Saturday, March 14, 2009

What Makes for a Strong Women's Ministry?

This is the recent question posed over at CBMW. Brent Nelson writes:

Recently Sarah Flashing wrote an article asking, "Does ‘complementarian' equal anemic women's ministry?" Her answer was: yes, usually, but it needn't. After a brief anecdote regarding a conversation with a young woman on her bus-ride home, Flashing concludes,

"Holding to a complementarian view of the church and family does not necessitate that women's ministries focus primarily on social activities, discussions how to feed their families, or fill in the blank bible studies. There is room for young women...who want to bring solid methods of biblical interpretation and theological reflection to women's lives, and we can talk about more theological topics than just biblical womanhood, though we should certainly talk about that as well."

I applaud the direction Flashing takes in the article, save for a subtle contrast that could bode poorly. There wafts an air of chronological snobbery (to echo C.S. Lewis): "These are women who want to fulfill the Titus 2 mandate, to mentor and ministry to other women, who wan to play a significant role in Christian education, but also want to escape the culture of women's ministry that they inherited from their grandmothers."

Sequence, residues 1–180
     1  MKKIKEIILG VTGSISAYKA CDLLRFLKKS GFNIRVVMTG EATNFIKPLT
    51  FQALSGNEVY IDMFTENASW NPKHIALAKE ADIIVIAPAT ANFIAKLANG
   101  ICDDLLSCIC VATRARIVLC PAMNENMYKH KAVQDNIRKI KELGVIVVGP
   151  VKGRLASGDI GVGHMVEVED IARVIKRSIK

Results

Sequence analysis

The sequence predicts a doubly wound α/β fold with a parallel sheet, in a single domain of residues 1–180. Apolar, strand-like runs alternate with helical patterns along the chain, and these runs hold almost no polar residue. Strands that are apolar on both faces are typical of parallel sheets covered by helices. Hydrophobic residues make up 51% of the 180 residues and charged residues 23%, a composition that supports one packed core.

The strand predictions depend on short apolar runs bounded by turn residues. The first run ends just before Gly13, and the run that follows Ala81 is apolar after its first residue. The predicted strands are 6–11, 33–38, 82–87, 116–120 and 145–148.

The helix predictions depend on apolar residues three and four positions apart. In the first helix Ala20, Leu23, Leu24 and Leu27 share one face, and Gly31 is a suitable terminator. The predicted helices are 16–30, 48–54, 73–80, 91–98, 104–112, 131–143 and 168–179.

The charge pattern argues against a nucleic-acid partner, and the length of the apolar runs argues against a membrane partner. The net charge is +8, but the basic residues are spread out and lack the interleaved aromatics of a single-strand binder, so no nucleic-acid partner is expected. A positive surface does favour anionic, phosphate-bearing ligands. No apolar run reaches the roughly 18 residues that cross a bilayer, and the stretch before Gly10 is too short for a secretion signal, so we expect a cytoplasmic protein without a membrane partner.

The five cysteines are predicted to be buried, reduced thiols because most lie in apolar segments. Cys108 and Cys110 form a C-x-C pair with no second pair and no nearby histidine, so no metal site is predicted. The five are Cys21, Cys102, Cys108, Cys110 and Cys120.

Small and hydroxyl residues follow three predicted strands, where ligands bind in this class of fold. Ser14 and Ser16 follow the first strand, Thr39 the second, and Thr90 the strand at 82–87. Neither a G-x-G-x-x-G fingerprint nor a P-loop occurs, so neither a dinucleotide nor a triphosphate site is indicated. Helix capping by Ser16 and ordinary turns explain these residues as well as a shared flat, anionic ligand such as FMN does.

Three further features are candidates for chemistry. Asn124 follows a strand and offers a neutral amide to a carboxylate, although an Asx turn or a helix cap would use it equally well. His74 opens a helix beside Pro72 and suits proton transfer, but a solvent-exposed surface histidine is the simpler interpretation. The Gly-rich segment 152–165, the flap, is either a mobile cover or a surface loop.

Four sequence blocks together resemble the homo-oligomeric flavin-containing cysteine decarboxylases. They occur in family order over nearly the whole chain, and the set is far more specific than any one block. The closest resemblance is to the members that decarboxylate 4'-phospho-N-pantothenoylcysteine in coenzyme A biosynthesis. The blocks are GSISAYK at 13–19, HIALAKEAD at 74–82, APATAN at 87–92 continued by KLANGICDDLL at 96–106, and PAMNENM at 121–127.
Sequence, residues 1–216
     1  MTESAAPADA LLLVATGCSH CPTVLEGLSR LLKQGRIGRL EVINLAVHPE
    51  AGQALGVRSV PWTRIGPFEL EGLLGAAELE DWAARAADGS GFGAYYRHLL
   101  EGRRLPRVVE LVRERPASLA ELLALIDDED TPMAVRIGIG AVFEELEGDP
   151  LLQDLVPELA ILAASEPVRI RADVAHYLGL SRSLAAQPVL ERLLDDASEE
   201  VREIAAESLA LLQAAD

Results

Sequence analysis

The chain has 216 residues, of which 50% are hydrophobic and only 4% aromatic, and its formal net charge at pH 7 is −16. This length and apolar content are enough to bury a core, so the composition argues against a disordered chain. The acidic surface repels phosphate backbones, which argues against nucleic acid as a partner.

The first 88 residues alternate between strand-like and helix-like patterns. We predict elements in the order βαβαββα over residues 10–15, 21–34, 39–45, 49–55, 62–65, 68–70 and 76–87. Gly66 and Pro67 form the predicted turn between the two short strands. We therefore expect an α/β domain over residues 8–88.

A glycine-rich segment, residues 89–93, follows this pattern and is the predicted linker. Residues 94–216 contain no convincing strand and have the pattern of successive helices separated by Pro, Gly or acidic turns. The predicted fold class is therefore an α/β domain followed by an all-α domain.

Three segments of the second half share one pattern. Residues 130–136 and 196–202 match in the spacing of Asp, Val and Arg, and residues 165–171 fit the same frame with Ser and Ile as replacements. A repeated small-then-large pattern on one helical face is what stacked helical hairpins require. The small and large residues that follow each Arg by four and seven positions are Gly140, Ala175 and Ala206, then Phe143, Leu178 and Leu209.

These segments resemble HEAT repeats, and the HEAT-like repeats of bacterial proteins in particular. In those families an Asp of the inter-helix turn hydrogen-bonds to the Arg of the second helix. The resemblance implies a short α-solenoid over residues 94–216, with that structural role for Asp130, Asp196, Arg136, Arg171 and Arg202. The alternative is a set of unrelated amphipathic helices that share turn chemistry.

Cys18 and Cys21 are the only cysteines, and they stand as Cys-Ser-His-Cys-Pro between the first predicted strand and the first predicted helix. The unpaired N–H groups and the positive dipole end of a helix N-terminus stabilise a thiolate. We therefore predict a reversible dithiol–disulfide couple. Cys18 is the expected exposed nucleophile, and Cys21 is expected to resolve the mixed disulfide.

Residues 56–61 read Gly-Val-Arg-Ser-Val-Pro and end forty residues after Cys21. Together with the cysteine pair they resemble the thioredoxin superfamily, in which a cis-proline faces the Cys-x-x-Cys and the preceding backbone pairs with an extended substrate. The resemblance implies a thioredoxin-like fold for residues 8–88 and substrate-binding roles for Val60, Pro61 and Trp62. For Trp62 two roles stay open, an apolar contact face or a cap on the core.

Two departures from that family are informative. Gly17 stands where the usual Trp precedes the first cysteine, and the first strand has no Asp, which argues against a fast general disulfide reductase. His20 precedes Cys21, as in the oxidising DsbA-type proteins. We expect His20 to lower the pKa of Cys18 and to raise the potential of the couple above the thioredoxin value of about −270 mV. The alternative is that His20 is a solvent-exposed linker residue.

There's a danger lurking here. First, what is it about their grandmothers' culture of women's ministry that must be escaped from just because it was two generations back? One could argue that since every generation must admit to its blind-spots, past generations could illumine our current blind-spots at least as well as we can illumine theirs.

Yet a second danger seems even more risky. Are those who reject their grandmothers' kind of women's ministry sure of what they reject? It is well that the Titus 2:3-5 mandate drives the current aims, but was it not held high 50 years ago by our godly grandmothers? Indeed, some who led women's ministries in the 1950's may have lived the scriptural ideals of ‘self-control, purity, working in the home and submission to their own husbands' far better than some today.

Those women who mean to glorify God by seeking to become theologically robust, spiritually sagacious, steadily joyful, biblically-surrendered and steeled in their faith dare not neglect the help available to them from Christians past.

Read further for Brent's book recommendation on how women can lead women.

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